Aphrodite Gas Field to Address Domestic Gas Demand in Cyprus

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The expected delay in the development of the Leviathan due to a dispute between the partners in Israel’s giant gas field and the antitrust regulator has prompted Cyprus to look for indigenous solutions to meet its demand at home. Cyprus had launched a tender stipulating that the first supply from the Leviathan to Cyprus must happen between January 2016 and June 2017, a time frame unlikely to coincide with production from the Leviathan.

The government of Cyprus is now studying the possibility of supplying the domestic market with natural gas from its own Aphrodite field, located in Block 12 of Cyprus’ Exclusive Economic Zone and estimated to hold 4.54 Tcf of natural gas. The Cypriot government is currently in talks with Texan Noble Energy over the development plan of the Aphrodite field. Noble Energy controls 70% of the field, with Delek Drilling and Avner Oil Exploration, subsidiaries of Israel’s Delek Group, each owning 15%.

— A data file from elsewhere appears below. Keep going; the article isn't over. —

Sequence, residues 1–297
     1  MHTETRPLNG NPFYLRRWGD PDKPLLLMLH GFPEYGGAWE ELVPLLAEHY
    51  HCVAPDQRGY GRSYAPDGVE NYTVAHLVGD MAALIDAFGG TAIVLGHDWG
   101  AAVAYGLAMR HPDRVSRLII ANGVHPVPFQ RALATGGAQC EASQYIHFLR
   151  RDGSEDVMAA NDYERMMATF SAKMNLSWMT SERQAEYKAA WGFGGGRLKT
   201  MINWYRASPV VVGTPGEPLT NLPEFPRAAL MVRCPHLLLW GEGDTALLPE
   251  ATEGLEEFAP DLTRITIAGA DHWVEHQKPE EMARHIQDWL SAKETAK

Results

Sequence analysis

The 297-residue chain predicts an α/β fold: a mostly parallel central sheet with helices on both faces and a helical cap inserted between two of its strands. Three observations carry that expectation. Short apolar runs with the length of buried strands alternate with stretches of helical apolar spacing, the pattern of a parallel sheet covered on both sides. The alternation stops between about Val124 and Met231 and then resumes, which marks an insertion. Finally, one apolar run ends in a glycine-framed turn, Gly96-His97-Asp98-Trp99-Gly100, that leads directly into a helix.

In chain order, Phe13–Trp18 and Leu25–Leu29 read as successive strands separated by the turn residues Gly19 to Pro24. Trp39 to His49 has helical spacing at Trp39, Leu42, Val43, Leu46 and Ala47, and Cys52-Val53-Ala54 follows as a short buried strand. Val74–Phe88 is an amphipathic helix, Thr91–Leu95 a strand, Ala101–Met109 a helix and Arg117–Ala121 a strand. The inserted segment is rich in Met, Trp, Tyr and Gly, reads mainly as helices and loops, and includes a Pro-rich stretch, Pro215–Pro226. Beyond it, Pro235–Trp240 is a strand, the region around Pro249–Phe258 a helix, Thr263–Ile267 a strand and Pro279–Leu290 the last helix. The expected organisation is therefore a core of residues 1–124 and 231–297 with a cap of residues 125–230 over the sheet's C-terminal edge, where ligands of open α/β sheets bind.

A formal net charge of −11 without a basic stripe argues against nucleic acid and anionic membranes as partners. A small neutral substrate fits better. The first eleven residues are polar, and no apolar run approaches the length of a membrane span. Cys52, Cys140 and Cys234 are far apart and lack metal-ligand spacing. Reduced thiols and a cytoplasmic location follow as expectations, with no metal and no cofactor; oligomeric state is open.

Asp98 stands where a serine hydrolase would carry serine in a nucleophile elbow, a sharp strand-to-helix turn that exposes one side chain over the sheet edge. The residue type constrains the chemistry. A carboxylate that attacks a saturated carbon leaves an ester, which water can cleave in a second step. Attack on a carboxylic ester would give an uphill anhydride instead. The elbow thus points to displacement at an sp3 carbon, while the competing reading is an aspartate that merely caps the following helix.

Cyprus has been struggling to develop the necessary infrastructure to export the gas encountered off its coast. The negligible size of its domestic demand for natural gas means that most of the gas discovered in Cypriot waters will be allocated for exports. More gas will however need to be found before the island can justify the commercial viability of an onshore LNG terminal on its Vassilikos coast. Other options include exporting to gas to the regional market, namely to Jordan and Egypt.

The ENI/KOGAS consortium is pursuing its exploration activities in Block 9 of the island EEZ. Successful results would encourage the development of the island’s resources and its entry into the export market. TOTAL was also schedule to commence exploration activities in Blocks 10 and 11 of Cyprus’ Exclusive Economic Zone. The French giant has however postponed the start date of its activities offshore Cyprus for not having identified drilling targets.

Despite the small gas demand in Cyprus, the Aphrodite field may be developed by Noble to supply the Cypriot market with a cheap source of gas. Selling the gas to Egypt’s BG plant in Idku would justify the commercial development of the field. This scenario has increased in probability in light of the recent regulatory hurdles that may impede the development of Israel’s Leviathan field and hence the completion of the deal to supply BG’s plant in Egypt with gas from Israel’s Leviathan.

Source:  www.naturalgaseurope.com